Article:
• Transform magazine
  • February 23, 2020


Drawing out the bad blood


Damning evidence of drug use in sports can be the death knell for a once-lucrative relationship. Brittany Golob examines the importance of aligning brand values through partnerships and sponsorships

At the height of his reign as the king of international cycling, Lance Armstrong was the chairman of the Livestrong foundation, winner of seven Tour de France titles and the pioneer behind a collaborative working model for cycling sponsors. That was all true until October 2012 when he was stripped of all his laurels by the International Cycling Union. In January 2013, Armstrong admitted to a history with performance-enhancing drugs in an interview with Oprah Winfrey. By 28 May, Nike had pulled its substantial sponsorship of Armstrong, though it maintained ties to Livestrong. Other sponsors Trek and Anheuser-Busch followed suit. The United States Postal Service (USPS) is currently engaged in a lawsuit against Armstrong for fraud.

The tragic tale of Lance Armstrong is not unique to cycling. Such greats as baseball’s home run giant Barry Bonds, sprinter Marion Jones, Irish racehorse Waterford Crystal and scores of others have had Olympic medals revoked, been banned from professional sports leagues around the world and have suffered from media or legal inquiries into their lives. Others, like Tiger Woods – whose messy home life forced a number of sponsors to drop him – and Michael Phelps – who saw his Kellogg’s sponsorship revoked in February 2009 when a picture emerged of the famous swimmer smoking marijuana – have seen bad blood infect their formerly healthy sponsorships. Other sponsors kept Phelps on, but Kellogg’s said, “Michael’s most recent behaviour is not consistent with the image of Kellogg.”

The termination of a relationship between a brand and a brand ambassador can be preceded by a number of crises, but in sports, doping is among the most common causes. When superhuman athletes are implicated of involvement in doping or when the evidence has been drawn and comes back positive, ambassadorial relationships are not thicker than blood.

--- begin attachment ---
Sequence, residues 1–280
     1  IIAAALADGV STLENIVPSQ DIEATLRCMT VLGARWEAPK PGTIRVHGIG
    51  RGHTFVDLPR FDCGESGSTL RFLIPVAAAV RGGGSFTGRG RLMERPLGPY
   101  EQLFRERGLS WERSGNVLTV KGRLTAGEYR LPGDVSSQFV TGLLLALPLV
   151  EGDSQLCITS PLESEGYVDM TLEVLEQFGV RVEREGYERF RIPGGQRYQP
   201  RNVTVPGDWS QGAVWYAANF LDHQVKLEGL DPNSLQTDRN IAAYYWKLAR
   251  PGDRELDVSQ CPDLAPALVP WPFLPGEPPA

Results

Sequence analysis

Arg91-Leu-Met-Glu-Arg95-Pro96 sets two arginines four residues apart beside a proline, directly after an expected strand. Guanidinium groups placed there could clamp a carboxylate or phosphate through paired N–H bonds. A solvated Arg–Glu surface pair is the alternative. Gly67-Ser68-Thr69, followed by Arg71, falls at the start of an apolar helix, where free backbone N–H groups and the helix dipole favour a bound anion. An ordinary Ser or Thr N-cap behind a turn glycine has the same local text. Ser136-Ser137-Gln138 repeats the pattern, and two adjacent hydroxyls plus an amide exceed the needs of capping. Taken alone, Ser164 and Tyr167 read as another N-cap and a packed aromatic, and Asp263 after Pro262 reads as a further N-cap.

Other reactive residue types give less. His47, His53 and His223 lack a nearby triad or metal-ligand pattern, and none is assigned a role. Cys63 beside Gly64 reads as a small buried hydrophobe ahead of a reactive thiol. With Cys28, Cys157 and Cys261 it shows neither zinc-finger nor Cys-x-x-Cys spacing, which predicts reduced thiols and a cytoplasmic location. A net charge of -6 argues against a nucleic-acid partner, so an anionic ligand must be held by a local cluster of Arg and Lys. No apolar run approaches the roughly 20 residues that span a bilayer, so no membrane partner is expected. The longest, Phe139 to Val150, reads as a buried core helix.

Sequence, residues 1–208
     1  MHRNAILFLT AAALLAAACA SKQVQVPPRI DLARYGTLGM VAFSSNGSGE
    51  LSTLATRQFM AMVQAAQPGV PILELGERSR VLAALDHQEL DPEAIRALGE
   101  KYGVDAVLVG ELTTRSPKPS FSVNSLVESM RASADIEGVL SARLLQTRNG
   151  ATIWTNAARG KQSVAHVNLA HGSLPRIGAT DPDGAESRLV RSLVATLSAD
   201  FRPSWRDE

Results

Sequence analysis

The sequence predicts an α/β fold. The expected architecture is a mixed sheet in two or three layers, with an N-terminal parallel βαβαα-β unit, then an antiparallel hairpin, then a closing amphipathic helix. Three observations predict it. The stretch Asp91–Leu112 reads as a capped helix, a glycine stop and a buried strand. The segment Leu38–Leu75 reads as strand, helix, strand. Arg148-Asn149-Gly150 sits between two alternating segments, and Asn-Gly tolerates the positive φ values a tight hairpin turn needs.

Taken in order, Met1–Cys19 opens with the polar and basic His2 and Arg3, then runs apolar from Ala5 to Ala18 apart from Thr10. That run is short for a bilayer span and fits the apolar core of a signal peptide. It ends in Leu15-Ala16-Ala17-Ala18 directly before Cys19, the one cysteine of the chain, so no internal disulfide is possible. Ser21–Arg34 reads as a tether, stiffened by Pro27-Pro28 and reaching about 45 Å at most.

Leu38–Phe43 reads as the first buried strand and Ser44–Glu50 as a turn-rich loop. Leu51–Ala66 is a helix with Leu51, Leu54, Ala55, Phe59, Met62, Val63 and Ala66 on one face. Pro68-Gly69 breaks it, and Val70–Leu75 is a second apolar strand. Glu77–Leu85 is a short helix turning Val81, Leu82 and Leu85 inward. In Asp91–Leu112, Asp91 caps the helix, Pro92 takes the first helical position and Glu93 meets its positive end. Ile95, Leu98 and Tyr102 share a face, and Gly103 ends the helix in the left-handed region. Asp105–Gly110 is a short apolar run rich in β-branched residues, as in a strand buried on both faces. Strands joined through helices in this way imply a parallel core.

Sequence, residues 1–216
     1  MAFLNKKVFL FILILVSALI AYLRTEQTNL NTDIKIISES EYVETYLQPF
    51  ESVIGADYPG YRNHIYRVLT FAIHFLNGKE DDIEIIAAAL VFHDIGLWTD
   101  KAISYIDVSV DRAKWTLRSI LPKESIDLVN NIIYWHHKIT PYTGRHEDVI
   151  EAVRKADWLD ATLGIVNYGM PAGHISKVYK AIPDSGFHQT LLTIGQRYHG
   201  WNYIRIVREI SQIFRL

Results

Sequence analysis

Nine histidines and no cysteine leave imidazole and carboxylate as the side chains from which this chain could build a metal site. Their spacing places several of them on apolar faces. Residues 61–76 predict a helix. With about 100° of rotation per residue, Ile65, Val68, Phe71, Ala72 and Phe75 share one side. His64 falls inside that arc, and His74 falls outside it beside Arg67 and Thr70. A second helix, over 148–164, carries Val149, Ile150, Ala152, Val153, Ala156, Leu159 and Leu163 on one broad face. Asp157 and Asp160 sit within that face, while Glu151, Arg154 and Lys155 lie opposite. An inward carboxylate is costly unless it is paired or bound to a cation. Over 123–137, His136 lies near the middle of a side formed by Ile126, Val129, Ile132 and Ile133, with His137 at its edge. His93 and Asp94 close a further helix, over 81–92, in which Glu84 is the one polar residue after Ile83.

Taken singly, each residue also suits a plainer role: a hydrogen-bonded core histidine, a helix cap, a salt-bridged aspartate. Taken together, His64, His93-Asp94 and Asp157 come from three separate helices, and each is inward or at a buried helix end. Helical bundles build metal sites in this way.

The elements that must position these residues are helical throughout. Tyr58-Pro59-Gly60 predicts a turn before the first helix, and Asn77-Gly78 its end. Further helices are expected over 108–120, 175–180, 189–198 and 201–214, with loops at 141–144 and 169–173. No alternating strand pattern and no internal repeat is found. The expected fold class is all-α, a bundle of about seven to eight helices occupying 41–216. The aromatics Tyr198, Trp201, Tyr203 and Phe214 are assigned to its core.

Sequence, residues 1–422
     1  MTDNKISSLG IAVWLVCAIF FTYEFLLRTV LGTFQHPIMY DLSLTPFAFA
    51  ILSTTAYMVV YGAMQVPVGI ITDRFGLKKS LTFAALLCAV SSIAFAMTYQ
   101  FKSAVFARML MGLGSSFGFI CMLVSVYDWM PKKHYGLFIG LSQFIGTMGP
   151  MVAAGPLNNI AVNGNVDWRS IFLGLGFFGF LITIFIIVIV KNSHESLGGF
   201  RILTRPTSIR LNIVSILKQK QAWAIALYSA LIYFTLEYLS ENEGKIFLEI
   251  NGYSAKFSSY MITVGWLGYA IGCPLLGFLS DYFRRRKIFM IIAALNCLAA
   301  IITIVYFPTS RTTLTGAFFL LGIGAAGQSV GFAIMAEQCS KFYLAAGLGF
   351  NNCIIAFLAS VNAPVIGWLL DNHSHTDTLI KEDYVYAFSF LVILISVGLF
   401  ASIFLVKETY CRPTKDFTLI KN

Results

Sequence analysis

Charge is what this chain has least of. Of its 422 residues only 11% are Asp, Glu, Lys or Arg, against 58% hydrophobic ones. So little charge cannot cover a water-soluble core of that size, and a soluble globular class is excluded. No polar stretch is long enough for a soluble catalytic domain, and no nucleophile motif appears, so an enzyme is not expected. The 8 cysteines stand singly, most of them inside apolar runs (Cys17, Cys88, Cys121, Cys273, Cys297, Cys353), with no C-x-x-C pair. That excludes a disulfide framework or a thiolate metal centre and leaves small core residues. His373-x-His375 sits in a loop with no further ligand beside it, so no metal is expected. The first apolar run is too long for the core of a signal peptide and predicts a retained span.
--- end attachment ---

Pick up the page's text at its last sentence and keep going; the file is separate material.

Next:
Yet, brand ambassadors have been used throughout the 20th and 21st centuries as a means of bringing additional value, awareness and interest to a brand or product. They are often an invaluable asset to brands in sports, luxury retail, food and drink or other sectors.

Professor of media management and communications at New York’s Fordham University, John A. Fortunato says in his book ‘Sports Sponsorship: Principles and Practices,’ that sponsorship offers an opportunity for an organisation to change the way it is perceived. Sponsorship is also pursued to firmly tie an existing positive perception to the brand’s values.

For Wheaties, a breakfast cereal owned by General Mills, sport sponsorship has been a way of life from the beginning. Founded in 1922, by 1927 the brand was involved in baseball sponsorship and by 1930, its signature tagline, ‘The breakfast of champions,’ emerged.

Now, one of the highest honours an athlete can achieve outside of competition is pride of place on a Wheaties box – joining the likes of Jesse Owens, Michael Jordan, Babe Ruth and Muhammad Ali. Athletes are chosen to reinforce Wheaties’ brand positioning as a benefit to athletes and to muscle performance. “Wheaties chooses partners who represent a champion. They may be a champion in their sport or field, act with boldness and courage, or set high standards for themselves and others,” Jenna Lynch, associate marketing manager for Wheaties, says. The current members of Team Wheaties include an array of swimmers, blade runners, rock climbers, snowboarders and others who achieve athletic greatness.